Iraq’s Ramadi retaken, but rebuilding it a huge task
BAGHDAD // Iraqi forces have completely retaken areas surrounding Ramadi from ISIL but now faces the enormous challenges of removing bombs and rebuilding the shattered city, the country said on Tuesday.
Baghdad announced the recapture of Ramadi, the capital of Anbar province west of Baghdad, in late December, but daily fighting with ISIL militants continued for over a month on the city’s eastern outskirts.
Iraqi forces “were able to liberate areas east of Ramadi”, including Sichariya, Juwaiba and Husaiba, said the joint operations command.
With the latest advances, Ramadi and all its surrounding areas have been retaken from ISIL, it said.
Iraqi forces “were also able to open the Ramadi-Baghdad road passing through Khaldiyah,” it added, referring to a government-held area along the route.
ISIL overran large areas of Iraq in June 2014, but security forces and allied tribesmen held out against the militants in parts of Ramadi.
The extremists eventually overran Ramadi in May 2015, however, in an assault spearheaded by a wave of car and truck bombs. ISIL’s capture of the city was a major blow to Iraqi forces, who had been regaining ground from the militants in other provinces.
But the capture was also the extremist group’s last major advance in Iraq, and in the following months, Baghdad’s forces slowly tightened the noose around the militants before moving into the city.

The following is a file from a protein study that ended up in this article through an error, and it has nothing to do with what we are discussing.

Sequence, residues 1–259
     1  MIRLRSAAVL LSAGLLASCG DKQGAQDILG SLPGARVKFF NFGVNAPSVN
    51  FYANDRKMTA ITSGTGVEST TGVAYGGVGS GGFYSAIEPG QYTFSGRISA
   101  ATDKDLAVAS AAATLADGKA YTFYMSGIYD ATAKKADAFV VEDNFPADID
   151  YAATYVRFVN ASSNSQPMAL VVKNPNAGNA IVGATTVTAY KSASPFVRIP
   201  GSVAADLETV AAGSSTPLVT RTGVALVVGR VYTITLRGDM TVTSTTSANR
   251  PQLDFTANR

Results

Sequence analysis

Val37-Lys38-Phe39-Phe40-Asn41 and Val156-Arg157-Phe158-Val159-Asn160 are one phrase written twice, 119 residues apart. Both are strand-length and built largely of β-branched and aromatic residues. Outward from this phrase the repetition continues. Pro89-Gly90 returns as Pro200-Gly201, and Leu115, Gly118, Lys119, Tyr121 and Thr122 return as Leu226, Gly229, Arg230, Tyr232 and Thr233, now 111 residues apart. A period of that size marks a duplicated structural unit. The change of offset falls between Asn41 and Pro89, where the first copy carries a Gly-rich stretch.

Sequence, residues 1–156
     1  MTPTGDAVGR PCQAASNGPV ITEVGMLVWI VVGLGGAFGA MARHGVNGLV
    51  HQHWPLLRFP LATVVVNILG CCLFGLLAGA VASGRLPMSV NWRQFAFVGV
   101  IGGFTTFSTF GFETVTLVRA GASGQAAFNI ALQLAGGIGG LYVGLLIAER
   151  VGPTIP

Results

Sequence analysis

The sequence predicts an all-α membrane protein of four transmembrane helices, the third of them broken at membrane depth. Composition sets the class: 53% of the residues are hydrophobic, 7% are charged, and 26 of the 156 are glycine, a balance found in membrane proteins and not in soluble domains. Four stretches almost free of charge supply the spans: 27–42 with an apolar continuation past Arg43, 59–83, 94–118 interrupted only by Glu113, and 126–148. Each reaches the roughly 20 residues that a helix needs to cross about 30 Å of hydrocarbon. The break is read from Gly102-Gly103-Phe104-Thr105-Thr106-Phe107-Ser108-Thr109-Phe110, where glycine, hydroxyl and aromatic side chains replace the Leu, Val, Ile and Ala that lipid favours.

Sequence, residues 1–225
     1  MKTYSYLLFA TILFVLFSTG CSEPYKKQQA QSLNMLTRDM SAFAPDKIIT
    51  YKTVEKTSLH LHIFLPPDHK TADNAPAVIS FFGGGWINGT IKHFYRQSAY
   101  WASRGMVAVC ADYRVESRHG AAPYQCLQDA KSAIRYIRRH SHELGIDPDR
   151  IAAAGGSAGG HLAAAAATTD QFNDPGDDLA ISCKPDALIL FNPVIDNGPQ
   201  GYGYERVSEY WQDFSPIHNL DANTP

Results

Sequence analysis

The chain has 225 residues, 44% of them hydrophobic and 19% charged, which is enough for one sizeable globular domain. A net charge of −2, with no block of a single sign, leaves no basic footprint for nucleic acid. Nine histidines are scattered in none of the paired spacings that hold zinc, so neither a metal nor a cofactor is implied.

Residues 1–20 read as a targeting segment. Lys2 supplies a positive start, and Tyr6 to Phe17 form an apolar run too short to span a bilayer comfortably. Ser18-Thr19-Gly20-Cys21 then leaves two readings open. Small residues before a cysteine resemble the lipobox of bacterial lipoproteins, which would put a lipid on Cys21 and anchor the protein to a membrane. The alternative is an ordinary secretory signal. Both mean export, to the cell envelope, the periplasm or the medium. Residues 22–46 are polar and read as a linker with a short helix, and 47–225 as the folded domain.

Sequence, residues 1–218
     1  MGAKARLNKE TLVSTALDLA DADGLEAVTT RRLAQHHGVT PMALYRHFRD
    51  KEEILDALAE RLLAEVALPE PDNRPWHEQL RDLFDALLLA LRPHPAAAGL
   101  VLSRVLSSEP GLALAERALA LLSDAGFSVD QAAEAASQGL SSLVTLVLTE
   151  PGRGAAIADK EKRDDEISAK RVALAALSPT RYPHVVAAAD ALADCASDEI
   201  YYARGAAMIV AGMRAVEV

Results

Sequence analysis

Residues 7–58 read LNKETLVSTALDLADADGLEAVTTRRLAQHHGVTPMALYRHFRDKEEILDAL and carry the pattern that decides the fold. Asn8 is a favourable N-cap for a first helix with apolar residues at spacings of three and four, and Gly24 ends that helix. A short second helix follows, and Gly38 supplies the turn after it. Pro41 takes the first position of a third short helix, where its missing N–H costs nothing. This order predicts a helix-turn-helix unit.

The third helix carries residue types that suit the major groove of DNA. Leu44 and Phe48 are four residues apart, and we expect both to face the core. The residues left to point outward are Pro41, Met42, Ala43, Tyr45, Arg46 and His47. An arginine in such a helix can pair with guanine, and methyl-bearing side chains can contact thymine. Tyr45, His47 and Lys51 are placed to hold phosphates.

Tuesday’s advance boosted government efforts to close in on Fallujah, the ISIL stronghold located between Ramadi and Baghdad. The city is currently being besieged by the Iraqi army and allied, Iranian-backed Shiite militias.
UN efforts to stabilise Ramadi in preparation for the expected return of hundreds of thousands of displaced civilians are expected to cost around US$50 million (Dh183.6m), according to Lise Grande, the humanitarian coordinator in Iraq.
She said this would include $15m for removing hundreds of improvised explosive devices planted by ISIL on roads and in buildings. She appealed to international donors to increase the current $10m fund allocated for that operation.
The United Nations also plans to rehabilitate health and energy infrastructure in Ramadi, much of which was destroyed in fighting.
“Thousands of homes have to be rebuilt, thousands of buildings have to be rebuilt. The total cost of reconstruction in Ramadi is huge,” said Ms Grande.
* Agence France-Presse, Reuters
Updated: February 9, 2016 04:00 AM